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Can chemicals change the color of fire?

Can chemicals change the color of fire?

Fire is a chemical reaction that produces light and heat. The color of fire depends primarily on what is burning. For example, burning wood or paper generally appears yellow or orange, while burning propane or natural gas produces a blue flame.

However, various chemicals can be added to fires to produce different colored flames. Pyrotechnicians have long used metal salts to create colorful fireworks displays. With the right chemicals, it’s possible to change the color of an ordinary fire as well.

What Determines the Color of Fire?

The color of fire is primarily dependent on two factors:

1. Blackbody radiation

This is electromagnetic radiation emitted by hot objects due to their temperature. The hotter an object, the shorter wavelength (higher frequency and energy) the emitted radiation.

For example, an object at 500°C emits a faint red glow, while at 1000°C it glows orange-white. A fire’s blackbody radiation is responsible for its yellow/orange colors.

2. Excited electron emissions

When electrons in atoms gain energy, they jump to higher energy levels. As they drop back down, photons are emitted at specific wavelengths depending on the atom.

Metals and metal salts emit very visible colors this way. Sodium produces an intense yellow, copper makes a blue-green flame, etc. This is why fireworks use metal compounds.

How Chemicals Change the Color of Fire

By adding various chemicals to a fire, the emitted light changes based on their electron emissions. Here are some common examples:

Sodium (Na)

Table salt (sodium chloride) or sodium nitrate produce bright yellow flames. Sodium electrons emit photons at 589 nm wavelength when dropping to lower energy levels, corresponding to yellow light.

Potassium (K)

Potassium compounds like potassium chloride or potassium nitrate produce violet flames. Potassium electrons emit photons at 404 nm and 770 nm when dropping energy levels, corresponding to violet.

Copper (Cu)

Copper chloride or copper sulfate create blue-green flames. Copper emits photons at 521 nm and 582 nm wavelengths, corresponding to blue-green.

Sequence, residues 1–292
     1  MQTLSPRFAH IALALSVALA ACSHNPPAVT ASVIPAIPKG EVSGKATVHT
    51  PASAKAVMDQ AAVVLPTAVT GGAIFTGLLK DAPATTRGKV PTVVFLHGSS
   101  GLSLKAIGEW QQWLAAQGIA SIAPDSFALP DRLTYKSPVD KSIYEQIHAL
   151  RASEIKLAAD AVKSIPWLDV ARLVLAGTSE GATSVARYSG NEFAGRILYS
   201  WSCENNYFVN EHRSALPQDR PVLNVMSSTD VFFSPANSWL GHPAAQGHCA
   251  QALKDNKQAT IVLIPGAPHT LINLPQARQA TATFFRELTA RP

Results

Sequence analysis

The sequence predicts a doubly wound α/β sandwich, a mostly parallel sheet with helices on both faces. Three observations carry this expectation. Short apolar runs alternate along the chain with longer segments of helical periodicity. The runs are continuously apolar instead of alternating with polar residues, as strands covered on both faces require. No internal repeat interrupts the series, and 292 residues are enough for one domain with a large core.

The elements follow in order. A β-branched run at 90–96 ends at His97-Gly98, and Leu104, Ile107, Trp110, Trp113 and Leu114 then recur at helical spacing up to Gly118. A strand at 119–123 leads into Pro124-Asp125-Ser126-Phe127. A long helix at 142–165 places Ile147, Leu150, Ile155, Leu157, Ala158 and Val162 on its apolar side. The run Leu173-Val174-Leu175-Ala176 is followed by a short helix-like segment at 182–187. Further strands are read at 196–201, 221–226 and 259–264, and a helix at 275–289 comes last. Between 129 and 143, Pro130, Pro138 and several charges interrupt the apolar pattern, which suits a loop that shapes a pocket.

Barium (Ba)

Barium nitrate or barium chlorate produce bright green flames. Barium electrons emit photons at 493 nm and 553 nm wavelengths when dropping energy levels, corresponding to green.

Strontium (Sr)

Strontium nitrate or strontium carbonate create crimson red flames. Strontium electrons emit photons at 606 nm and 622 nm wavelengths, corresponding to deep red.

Calcium (Ca)

Calcium salts like calcium chloride produce orange flames. Calcium electrons emit photons at 612 nm wavelength, causing the orange color.

Chemical Flame Color
Sodium (Na) Yellow
Potassium (K) Violet
Copper (Cu) Blue-green
Barium (Ba) Green
Strontium (Sr) Red
Calcium (Ca) Orange

How to Change the Color of Fire

To change the color of flames, simply add compounds of the desired metal to the fire. Some methods include:

Directly adding metal salts

Table salt (sodium chloride) or other powdered metal salts can be sprinkled directly into fires. The metal ions will vaporize and get excited, emitting colored light.

Coating materials

Soaking wood or paper in solutions of metal salts will coat the fuel with color-emitting compounds as it burns. This is a common technique in pyrotechnics.

Aerosol sprays

Spraying atomized solutions of metal salts into flames is an easy way to change colors. Potassium chloride for purple fire or copper sulfate for blue-green are common examples.

Packed containers

Placing metal compounds in packed containers with small holes allows colored flames to jet out. Calcium chloride for orange jets or strontium nitrate for red are typical choices.

Safety and Environmental Considerations

While flame colorants can produce impressive effects, there are some safety and environmental impacts to consider:

– Metal salts may be toxic or irritating if inhaled. Use caution and avoid breathing in any vapors.

– Colored flames may still be very hot and able to burn. Do not touch or get too close. Practice good fire safety.

– Some metal ions persist in the environment after release. Try to contain and properly dispose of any residual ash/salts.

– Perform demonstrations only in approved locations with proper fire safety equipment nearby. Do not light unauthorized or dangerous fires.


Various metal ions can dramatically change the color of fire when added to the flame. Compounds of sodium, potassium, copper, barium, strontium, and calcium are common choices for creating yellow, violet, blue-green, green, red, and orange fires respectively. While visually stunning, proper safety precautions need to be taken when altering flame colors. With care and responsibility, pyrotechnic chemicals provide a scientific and artistic way to appreciate fire in a new light.